Just last week though, I stopped by Galignani on the rue de Rivoli, went straight to the section I had been pointed to on a previous visit, and with a jolt of excitement discovered a selection of five. There was just one copy of each so I pulled them all out from the shelf, lest another customer snidely took one before I had time to examine each of them properly.

After an intense session of picking up, leafing through, putting down and picking up again, the finalists were announced: The Gastronomical Me (food memories from 1912 to 1941, from California to Mexico by way of Dijon) and An Alphabet for Gourmets, which compiles 26 of her essays and instantly won me over with the first chapter I read standing in the store: “A is for dining Alone”.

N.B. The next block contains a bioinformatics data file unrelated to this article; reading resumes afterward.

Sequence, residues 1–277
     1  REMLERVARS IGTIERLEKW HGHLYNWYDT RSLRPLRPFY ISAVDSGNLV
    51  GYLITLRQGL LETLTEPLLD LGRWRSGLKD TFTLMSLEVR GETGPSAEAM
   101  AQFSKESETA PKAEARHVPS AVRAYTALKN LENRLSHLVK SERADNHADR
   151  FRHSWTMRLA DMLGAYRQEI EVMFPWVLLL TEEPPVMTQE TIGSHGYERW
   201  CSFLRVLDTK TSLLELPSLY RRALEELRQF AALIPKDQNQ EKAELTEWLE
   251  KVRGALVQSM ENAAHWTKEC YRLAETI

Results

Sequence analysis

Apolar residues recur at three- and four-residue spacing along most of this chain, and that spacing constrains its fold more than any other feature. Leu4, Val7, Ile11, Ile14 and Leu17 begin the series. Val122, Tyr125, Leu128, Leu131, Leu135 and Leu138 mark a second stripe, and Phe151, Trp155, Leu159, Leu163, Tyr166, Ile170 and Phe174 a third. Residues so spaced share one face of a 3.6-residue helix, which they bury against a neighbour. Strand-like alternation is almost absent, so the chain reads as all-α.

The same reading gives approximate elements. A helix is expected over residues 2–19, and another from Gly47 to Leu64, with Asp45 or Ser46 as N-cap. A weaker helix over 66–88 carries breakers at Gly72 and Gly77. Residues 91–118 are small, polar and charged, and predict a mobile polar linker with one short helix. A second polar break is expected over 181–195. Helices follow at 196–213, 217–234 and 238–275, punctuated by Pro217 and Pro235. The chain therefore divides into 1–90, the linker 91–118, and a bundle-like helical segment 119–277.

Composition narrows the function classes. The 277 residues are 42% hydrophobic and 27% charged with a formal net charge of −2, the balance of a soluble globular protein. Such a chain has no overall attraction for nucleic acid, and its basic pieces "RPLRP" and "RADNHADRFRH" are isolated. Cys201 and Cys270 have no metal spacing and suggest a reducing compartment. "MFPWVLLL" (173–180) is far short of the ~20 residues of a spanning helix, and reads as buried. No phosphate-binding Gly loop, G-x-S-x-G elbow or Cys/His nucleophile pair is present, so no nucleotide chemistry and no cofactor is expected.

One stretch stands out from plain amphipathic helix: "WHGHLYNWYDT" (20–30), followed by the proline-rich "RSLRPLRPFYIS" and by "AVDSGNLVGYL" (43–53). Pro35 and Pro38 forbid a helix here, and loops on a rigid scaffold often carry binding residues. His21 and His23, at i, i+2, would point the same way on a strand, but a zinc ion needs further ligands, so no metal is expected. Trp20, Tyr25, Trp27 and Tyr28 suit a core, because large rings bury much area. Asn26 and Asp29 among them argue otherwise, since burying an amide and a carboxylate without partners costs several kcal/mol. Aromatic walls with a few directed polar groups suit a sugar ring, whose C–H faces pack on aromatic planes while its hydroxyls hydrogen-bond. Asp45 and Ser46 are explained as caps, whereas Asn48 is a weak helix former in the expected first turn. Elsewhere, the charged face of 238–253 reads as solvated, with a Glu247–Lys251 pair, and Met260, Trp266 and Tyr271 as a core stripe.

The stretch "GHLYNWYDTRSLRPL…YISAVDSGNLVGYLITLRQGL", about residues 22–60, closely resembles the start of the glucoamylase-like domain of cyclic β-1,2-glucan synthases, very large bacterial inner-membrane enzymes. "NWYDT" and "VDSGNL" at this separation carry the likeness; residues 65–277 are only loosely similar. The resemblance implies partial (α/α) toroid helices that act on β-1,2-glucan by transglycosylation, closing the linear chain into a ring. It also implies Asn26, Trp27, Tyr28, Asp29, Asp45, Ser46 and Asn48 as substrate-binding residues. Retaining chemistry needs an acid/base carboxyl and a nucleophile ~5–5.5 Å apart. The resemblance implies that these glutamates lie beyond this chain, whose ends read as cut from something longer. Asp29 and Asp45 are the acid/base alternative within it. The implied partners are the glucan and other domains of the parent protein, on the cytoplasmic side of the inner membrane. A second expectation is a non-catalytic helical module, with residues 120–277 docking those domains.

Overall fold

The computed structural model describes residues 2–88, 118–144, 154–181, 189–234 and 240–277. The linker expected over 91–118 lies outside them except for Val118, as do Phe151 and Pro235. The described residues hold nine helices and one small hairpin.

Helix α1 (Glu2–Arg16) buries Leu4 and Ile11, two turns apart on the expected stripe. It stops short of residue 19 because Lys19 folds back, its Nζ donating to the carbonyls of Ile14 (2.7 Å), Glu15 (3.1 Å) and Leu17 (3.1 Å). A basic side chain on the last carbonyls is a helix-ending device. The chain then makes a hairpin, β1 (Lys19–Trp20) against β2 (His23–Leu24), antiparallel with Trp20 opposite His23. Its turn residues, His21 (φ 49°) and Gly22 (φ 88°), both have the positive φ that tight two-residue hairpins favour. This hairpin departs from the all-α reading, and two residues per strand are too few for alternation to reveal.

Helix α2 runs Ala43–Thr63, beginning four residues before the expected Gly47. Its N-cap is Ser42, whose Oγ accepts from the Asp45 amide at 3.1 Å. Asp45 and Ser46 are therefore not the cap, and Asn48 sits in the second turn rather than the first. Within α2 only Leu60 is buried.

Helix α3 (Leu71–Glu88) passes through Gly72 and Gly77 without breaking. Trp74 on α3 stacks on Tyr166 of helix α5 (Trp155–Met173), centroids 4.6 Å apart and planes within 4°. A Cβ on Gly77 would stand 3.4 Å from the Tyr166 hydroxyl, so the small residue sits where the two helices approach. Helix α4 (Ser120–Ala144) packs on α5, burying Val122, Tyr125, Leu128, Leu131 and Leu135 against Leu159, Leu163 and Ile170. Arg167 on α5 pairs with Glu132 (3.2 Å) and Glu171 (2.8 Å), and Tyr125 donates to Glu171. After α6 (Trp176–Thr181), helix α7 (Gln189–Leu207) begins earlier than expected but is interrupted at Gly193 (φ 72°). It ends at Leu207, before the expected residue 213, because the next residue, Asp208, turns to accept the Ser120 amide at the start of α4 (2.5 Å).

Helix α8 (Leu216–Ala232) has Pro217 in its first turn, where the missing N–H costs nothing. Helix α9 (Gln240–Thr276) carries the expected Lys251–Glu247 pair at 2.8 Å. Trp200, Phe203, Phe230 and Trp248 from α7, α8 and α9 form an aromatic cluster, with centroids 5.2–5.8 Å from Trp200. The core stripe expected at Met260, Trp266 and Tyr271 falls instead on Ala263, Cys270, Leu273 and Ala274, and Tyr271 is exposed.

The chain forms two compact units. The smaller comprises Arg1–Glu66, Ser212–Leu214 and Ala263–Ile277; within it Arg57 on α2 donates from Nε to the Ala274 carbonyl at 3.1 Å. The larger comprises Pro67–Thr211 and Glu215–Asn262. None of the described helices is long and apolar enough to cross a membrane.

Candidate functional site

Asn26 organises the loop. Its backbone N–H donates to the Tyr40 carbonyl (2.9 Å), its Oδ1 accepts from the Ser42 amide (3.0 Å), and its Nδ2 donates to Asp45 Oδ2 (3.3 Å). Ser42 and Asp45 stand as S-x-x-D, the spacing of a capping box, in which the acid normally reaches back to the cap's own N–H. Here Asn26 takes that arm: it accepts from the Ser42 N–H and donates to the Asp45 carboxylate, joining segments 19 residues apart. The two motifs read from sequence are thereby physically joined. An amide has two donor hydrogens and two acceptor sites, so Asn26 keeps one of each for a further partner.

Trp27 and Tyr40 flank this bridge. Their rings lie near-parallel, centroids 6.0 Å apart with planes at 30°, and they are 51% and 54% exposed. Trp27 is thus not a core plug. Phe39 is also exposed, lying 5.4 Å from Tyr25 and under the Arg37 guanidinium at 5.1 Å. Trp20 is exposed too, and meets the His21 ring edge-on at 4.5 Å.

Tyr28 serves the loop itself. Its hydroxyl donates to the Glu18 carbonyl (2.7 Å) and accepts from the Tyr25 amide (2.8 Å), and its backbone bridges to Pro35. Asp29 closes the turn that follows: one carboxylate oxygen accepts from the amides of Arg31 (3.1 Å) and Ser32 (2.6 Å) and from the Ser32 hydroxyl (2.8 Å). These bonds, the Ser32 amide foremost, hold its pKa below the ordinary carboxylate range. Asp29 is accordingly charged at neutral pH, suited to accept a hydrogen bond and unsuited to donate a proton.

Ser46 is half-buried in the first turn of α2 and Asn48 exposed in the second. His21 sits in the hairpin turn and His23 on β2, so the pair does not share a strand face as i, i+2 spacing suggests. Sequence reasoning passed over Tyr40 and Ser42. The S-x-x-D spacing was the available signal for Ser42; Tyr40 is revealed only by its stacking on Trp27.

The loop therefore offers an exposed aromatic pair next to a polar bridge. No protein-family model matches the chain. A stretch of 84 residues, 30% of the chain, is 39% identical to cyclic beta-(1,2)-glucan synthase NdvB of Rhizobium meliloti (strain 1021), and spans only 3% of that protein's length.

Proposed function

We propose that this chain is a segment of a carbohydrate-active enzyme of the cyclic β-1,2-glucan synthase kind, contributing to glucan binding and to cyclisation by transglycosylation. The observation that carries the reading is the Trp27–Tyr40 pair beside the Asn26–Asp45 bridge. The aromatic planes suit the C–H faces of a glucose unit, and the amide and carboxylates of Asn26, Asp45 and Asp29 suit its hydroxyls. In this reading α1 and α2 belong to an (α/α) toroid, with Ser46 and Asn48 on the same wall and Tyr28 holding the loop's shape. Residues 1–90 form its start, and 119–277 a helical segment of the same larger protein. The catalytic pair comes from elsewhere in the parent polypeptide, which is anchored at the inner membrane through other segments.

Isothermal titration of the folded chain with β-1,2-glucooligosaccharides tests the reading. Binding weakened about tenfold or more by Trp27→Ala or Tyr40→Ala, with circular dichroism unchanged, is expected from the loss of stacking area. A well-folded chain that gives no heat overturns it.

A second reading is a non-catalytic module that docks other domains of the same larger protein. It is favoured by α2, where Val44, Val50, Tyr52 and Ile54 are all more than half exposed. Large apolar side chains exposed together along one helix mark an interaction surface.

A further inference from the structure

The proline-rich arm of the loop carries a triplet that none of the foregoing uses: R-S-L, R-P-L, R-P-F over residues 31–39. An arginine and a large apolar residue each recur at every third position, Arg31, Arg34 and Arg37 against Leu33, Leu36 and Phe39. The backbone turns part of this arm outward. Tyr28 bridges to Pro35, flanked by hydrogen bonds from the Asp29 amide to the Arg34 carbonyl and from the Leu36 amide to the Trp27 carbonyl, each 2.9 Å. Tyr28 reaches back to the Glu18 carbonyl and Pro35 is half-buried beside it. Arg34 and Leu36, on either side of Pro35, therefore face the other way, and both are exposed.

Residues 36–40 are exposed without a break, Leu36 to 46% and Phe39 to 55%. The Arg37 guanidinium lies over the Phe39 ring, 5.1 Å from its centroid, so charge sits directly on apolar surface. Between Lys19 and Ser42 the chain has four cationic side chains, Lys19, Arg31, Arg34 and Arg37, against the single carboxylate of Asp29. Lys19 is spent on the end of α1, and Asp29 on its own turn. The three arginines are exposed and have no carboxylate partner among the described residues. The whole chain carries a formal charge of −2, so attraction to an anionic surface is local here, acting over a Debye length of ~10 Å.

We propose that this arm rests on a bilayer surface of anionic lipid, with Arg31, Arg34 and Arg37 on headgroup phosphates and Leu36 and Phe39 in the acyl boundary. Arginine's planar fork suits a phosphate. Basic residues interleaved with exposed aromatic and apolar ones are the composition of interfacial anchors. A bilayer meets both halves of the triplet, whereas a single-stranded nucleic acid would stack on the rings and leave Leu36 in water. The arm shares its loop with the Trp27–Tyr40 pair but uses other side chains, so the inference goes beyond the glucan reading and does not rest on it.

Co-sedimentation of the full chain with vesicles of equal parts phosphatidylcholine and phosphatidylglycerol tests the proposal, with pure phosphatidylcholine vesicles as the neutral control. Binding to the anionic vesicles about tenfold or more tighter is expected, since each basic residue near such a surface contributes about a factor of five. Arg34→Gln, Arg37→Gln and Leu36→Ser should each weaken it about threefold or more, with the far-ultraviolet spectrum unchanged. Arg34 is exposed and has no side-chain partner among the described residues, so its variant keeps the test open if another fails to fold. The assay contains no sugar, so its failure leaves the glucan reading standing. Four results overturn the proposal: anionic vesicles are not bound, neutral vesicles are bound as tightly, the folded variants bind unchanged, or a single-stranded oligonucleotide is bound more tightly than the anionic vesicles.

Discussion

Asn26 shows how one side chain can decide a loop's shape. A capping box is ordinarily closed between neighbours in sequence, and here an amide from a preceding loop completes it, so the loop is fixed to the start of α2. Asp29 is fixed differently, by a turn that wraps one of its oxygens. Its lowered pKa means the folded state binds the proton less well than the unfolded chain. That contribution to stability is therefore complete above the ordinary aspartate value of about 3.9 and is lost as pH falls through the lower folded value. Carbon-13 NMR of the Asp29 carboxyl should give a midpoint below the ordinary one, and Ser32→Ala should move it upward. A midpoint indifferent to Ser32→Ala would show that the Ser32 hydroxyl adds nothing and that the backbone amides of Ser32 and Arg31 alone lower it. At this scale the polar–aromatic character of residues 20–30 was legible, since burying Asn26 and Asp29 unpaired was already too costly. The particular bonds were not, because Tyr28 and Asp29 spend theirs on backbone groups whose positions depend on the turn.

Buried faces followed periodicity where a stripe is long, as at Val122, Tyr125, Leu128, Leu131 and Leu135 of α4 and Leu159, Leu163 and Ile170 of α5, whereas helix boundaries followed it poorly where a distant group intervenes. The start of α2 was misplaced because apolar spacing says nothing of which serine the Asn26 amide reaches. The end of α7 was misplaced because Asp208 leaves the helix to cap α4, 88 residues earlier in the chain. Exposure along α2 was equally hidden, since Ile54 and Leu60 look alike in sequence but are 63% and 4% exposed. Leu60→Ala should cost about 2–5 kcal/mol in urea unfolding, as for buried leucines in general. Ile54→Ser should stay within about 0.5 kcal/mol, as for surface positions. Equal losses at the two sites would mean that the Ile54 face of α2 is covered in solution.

Unable to decide between the two, I did what any sensible book lover would do and bought both, even though the price tags very clearly stated: “1 arm + 1 leg”. (The cost of imported books in Paris is one of my pet peeves, so I suggest we not go there.) Now I can’t wait to finish the book I’m currently reading and immerse myself into Mary Frances’ world — but one problem remains: which one will I start with?

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Pastelarias, Here I Come!

Pastelarias, Here I Come!

Last year, Maxence and I went on a little week-end getaway to Lisbon. A blissful, dazzling few days of walks along the narrow little streets, funicular rides up and down the hills, stunning views of the city, and sunny drives along the beautiful coast.